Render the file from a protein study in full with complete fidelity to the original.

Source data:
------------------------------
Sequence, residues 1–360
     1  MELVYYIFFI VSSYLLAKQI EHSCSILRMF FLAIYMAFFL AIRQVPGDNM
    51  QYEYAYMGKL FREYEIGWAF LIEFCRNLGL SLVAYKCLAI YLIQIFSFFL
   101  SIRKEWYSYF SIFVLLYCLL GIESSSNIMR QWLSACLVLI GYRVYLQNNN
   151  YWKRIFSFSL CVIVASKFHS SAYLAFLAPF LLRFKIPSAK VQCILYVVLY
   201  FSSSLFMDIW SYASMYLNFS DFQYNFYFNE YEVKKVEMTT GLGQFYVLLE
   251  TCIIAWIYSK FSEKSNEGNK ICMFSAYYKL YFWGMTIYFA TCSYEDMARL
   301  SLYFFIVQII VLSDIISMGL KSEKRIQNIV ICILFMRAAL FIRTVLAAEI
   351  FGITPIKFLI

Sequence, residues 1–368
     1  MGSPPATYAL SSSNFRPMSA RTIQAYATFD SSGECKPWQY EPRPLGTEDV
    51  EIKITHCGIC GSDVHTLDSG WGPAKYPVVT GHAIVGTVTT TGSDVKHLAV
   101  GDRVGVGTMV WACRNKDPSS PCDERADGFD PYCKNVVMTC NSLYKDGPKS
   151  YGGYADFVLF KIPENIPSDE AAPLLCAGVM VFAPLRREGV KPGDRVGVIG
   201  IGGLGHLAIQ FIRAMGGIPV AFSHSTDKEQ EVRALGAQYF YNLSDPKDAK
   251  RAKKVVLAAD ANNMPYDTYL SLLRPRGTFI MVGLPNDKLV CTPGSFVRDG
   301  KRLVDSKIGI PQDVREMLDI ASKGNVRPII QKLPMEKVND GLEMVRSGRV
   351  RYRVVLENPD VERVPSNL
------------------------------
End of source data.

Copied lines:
Sequence, residues 1–360
     1  MELVYYIFFI VSSYLLAKQI EHSCSILRMF FLAIYMAFFL AIRQVPGDNM
    51  QYEYAYMGKL FREYEIGWAF LIEFCRNLGL SLVAYKCLAI YLIQIFSFFL
   101  SIRKEWYSYF SIFVLLYCLL GIESSSNIMR QWLSACLVLI GYRVYLQNNN
   151  YWKRIFSFSL CVIVASKFHS SAYLAFLAPF LLRFKIPSAK VQCILYVVLY
   201  FSSSLFMDIW SYASMYLNFS DFQYNFYFNE YEVKKVEMTT GLGQFYVLLE
   251  TCIIAWIYSK FSEKSNEGNK ICMFSAYYKL YFWGMTIYFA TCSYEDMARL
   301  SLYFFIVQII VLSDIISMGL KSEKRIQNIV ICILFMRAAL FIRTVLAAEI
   351  FGITPIKFLI

Sequence, residues 1–368
     1  MGSPPATYAL SSSNFRPMSA RTIQAYATFD SSGECKPWQY EPRPLGTEDV
    51  EIKITHCGIC GSDVHTLDSG WGPAKYPVVT GHAIVGTVTT TGSDVKHLAV
   101  GDRVGVGTMV WACRNKDPSS PCDERADGFD PYCKNVVMTC NSLYKDGPKS
   151  YGGYADFVLF KIPENIPSDE AAPLLCAGVM VFAPLRREGV KPGDRVGVIG
   201  IGGLGHLAIQ FIRAMGGIPV AFSHSTDKEQ EVRALGAQYF YNLSDPKDAK
   251  RAKKVVLAAD ANNMPYDTYL SLLRPRGTFI MVGLPNDKLV CTPGSFVRDG
   301  KRLVDSKIGI PQDVREMLDI ASKGNVRPII QKLPMEKVND GLEMVRSGRV
   351  RYRVVLENPD VERVPSNL